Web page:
The modern approach to modelling business cycles in Macroeconomics consists of proposing a set of impulses or shocks that move the economy out of its long run equilibrium and a propagation mechanism that transforms these random shocks into business cycles. Dynamic Stochastic General Equilibrium (DSGE) models, based on this methodology, have been the workhorse of Macroeconomics for the past two or three decades. Agents in these models behave optimally but subject to constraints coming from their budgetary restrictions and the market structure or institutional environment. This optimal behaviour and restrictions form the key propagation mechanism of shocks generating business cycles.
The parameters of these models are commonly estimated using Bayesian methods and used for policy analysis and forecasting. With Bayesian methods, the researcher has a prior about the probability distribution for parameter values which is updated by data, i.e. observations from the real world. However, a common practice in these models is to assume the range of shocks that affect the economy: technology, preference, government spending, monetary policy, markup shocks, etc. These are the sources of macroeconomic uncertainty. However, shocks are not observable, and we have to infer them from the data we use to estimate DSGE models. When estimating the role and importane of these shocks with Bayesian methods, researchers impose
them rather than select them. This is because the prior used for the standard deviation of these shocks is almost universally considered to exclude zero. Hence, shocks are considered fundamental by assumption.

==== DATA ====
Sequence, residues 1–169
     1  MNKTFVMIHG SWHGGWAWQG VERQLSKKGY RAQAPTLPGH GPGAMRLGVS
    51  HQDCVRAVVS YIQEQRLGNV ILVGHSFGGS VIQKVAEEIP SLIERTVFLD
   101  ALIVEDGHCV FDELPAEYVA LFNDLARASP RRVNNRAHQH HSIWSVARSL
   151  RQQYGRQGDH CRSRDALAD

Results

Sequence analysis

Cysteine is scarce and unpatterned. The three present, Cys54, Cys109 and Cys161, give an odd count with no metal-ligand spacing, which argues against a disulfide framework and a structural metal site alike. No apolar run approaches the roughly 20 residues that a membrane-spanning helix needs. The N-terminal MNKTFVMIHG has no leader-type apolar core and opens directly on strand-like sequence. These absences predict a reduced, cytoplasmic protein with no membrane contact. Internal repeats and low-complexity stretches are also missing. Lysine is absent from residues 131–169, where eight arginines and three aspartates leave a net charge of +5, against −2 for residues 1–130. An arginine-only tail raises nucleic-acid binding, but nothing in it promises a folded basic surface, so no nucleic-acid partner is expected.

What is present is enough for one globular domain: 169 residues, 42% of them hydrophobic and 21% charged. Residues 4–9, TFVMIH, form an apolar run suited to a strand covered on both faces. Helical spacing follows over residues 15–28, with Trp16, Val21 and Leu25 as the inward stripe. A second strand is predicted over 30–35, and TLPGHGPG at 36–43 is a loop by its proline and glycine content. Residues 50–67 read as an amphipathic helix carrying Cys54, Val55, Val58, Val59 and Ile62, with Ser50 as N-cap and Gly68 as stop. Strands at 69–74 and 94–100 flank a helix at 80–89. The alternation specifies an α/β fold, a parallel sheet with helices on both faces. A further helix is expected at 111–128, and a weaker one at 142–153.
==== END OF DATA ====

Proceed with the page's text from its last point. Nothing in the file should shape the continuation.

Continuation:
What we ask in this paper are the following questions: first, suppose that a shock is not “fundamental” in the sense that it is not an important source of uncertainty. Does it matter if we impose this shock when estimating the model? The answer to this question is yes. Imposing inexisting shocks affects dramatically the values of the parameters that drive propagation in the model, leading to biased estimates. Second, we propose a method to select rather than impose the shocks entering a DSGE model, i.e. the drivers of macroeconomic uncertainty. The method is simple and implementable and it allows the prior for the standard deviation of shocks to include zero. We can thus select shocks and avoid the estimation bias arising from imposing inexisting shocks.
Finally, using our method, we estimate an industry-standard medium scale DSGE model due to Smets and Wouters (2007) widely used in the profession. Our results are quite revealing. We find that price and wage markup shocks and government spending shocks do not appear to be fundamental drivers of macroeconomic uncertainty. I.e., these shocks are not fundamental or structural and are simply likely to be capturing measurement error.
Read the complete paper here.